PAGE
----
An ex-smoker forced to give-up work because of a chronic lung condition has spoken of his experience testing a “life-changing” new gadget, unveiled by scientists in Leicester.
Martin Chesney has had Chronic Obstructive Pulmonary Disease (COPD) for more than five years.
The condition became so debilitating that he agreed to take part in a trial, testing a pioneering device which alerts people with COPD that they are about to suffer a life-limiting attack.
Speaking ahead of World COPD Day on Wednesday, 15 November, 63-year-old Martin Chesney, said: “Having to give up work because of ill-health was a pretty big blow and suffering from this condition has taken its toll. I was willing to try anything to help me overcome these lung attacks, which COPD sufferers are prone to and can sometimes mean a stay in hospital. In very extreme cases suffering a lung attack can be fatal.”
The pioneering device is a very simple to use urine test that works in a similar way to a home pregnancy test and has been developed by UK company Mologic. The patient study was carried out by the test developers and the NIHR Leicester Biomedical Research Centre – a partnership betweeen Leicester’s Hospitals, the University of Leicester and Loughborough University.
Once it becomes available the simple device, , could save the NHS at least £40 million a year by preventing unnecessary hospital admissions and the over prescribing of drugs to treat suspected attacks.
The condition makes it hard to breathe because of narrowing airways and damage to the lungs. In the UK, three million people are living with COPD and each year the condition causes 115,000 emergency admissions to hospital and 24,000 deaths.
Mr Chesney, of Edmondthorpe, Leicestershire, who gave up his maintenance fitter and machinist job early shortly after his diagnosis in 2012, usually suffers two lung attacks a year.
Earlier this year he tested the kit for 30 days, he said: “It is a benefit no-end as you are able to predict a possible attack, which allows you to take medicine before it becomes nasty.
“When I have an attack it’s dreadful, I develop a really bad cough and can black-out from coughing. I can’t lie down to sleep and I often resort to sleeping downstairs in an armchair for as long as it lasts. It is very life-limiting. I look forward to the day I have this kit, which if it can prevent an attack will really be life-changing.”
The project was funded by Innovate UK which awarded the team £2 million through the Small Business Research Initiative (SBRI).
The simple test, which can be carried out at home, has already passed the first stage of the development process and could be adopted for use by the NHS within four-to-five years.
Professor Christopher Brightling, who is a NIHR Senior Research Fellow and Clinical Professor in Respiratory Medicine at the University of Leicester, led the clinical study at the NIHR Leicester Biomedical Research Centre, based at the Glenfield Hospital.
Professor Brightling said: “This simple urine test will help someone with COPD to determine whether the onset of more symptoms really is the beginning of a severe lung attack, or simply a variation in their background symptoms which will get better on their own. This will help to make better treatment decisions and could hugely improve lives, especially as severe lung attacks can be devastating.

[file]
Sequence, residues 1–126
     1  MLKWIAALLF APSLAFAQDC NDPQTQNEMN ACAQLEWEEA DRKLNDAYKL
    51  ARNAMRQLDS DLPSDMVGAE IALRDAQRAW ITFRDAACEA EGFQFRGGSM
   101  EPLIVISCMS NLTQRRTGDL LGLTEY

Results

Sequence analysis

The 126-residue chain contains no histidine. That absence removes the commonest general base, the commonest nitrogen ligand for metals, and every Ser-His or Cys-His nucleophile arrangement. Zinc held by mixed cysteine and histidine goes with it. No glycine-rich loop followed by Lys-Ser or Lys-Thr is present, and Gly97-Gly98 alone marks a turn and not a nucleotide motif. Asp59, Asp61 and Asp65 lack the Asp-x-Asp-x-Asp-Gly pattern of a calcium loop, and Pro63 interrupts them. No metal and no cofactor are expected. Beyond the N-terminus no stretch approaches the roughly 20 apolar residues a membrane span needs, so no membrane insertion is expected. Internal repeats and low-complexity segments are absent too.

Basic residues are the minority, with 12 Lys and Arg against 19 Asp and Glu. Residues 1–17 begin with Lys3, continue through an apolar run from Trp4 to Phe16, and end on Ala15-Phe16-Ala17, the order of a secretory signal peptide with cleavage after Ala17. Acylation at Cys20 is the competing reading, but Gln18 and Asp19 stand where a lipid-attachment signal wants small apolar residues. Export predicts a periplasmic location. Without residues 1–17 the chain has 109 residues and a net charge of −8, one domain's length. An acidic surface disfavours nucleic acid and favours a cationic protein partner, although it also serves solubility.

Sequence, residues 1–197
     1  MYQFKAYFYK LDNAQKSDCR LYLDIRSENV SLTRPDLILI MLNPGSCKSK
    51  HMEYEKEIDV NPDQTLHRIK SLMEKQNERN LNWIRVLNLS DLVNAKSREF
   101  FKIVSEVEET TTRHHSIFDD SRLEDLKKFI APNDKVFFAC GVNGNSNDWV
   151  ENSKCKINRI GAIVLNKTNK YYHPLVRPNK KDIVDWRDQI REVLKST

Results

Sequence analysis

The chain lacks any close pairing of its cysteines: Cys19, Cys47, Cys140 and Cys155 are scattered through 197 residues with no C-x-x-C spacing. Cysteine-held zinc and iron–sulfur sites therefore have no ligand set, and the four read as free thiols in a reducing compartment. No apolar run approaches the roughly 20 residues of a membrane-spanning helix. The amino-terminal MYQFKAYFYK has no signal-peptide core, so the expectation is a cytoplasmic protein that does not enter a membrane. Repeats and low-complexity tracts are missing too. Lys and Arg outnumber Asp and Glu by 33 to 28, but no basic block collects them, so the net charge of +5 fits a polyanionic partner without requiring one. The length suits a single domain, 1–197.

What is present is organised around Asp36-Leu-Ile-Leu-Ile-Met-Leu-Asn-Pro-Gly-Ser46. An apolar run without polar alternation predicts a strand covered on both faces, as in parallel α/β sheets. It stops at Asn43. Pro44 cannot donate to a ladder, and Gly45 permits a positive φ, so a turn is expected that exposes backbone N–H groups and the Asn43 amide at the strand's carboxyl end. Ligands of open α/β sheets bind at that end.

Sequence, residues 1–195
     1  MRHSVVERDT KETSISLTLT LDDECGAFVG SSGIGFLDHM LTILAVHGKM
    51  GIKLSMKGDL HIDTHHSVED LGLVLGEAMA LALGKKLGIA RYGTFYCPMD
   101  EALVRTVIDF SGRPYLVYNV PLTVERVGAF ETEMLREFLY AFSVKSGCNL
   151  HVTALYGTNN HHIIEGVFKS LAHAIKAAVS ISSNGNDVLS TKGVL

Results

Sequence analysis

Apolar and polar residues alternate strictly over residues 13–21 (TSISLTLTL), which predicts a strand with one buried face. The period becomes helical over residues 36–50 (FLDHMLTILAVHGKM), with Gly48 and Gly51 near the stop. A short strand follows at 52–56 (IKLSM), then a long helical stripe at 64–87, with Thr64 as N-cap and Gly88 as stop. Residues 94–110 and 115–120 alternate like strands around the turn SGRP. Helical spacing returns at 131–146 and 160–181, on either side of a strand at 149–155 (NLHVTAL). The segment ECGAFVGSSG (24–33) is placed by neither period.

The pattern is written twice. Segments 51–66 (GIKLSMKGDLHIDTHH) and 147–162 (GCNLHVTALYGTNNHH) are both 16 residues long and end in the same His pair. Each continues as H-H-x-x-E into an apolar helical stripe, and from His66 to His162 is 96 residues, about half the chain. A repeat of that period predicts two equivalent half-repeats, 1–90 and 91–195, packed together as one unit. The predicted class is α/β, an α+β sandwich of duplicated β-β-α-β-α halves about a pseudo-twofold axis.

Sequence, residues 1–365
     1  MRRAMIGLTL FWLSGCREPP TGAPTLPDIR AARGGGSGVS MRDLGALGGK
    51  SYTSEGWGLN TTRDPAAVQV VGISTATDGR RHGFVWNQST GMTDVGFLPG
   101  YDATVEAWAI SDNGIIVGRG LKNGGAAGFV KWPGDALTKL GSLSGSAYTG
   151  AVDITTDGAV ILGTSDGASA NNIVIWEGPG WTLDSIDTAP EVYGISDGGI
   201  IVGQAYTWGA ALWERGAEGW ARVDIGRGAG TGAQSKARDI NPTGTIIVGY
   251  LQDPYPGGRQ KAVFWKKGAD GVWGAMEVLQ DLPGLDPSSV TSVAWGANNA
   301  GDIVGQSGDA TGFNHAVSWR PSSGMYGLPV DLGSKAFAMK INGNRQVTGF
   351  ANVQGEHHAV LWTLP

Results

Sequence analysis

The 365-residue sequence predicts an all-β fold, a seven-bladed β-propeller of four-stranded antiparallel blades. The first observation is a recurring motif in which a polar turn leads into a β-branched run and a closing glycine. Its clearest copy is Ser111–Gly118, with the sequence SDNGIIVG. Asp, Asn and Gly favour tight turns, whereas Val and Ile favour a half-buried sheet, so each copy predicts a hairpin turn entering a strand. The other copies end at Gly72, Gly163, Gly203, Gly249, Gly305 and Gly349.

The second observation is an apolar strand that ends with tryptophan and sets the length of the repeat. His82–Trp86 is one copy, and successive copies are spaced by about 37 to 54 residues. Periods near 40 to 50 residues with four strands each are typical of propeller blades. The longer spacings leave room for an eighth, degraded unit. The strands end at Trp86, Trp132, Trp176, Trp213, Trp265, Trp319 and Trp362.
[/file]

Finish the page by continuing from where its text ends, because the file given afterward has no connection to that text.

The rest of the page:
“We believe the Headstart urine test shows real promise, particularly as it can be carried out by patients at home. Making sure we treat patients early when needed but also stop unnecessary treatment will be of great benefit to patients and could save the NHS at least £40 million a year – greatly reducing the costs for an over-stretched NHS.”
Chief Scientific Officer and Mologic Co-Founder, Professor Paul Davis, who was also behind the original Clear Blue home pregnancy test, said: “People with COPD have vulnerable lungs so we wanted to find a way to help them monitor and control their condition better. The genius of this test is it’s so simple to use and extremely cost effective. The fact it can be used at home means we’re helping to empower people to manage their own health.
“There’s a valuable, clear but encoded message written in the substances, which we call biomarkers, when they are excreted into the urine through the kidneys. You just need to know what to look for and how to interpret the message into plain language.”
The most important cause of COPD is smoking, but past exposures to fumes, chemicals and dust at work can also contribute to causes of the condition.
Millions of pounds have already been spent on establishing the basic principles of urine testing for relevant disease biomarkers. This was also made possible from close collaboration with the GSK Respiratory R&D Clinical Discovery Team (including access to the ECLIPSE cohort sample bank) and several NHS clinicians and scientists.
COPD symptoms often don’t appear until significant lung damage has occurred, and they usually worsen over time, particularly if smoking exposure continues
Other signs and symptoms of COPD may include shortness of breath, especially during physical activities, wheezing, chest tightness and a chronic cough that may produce mucus.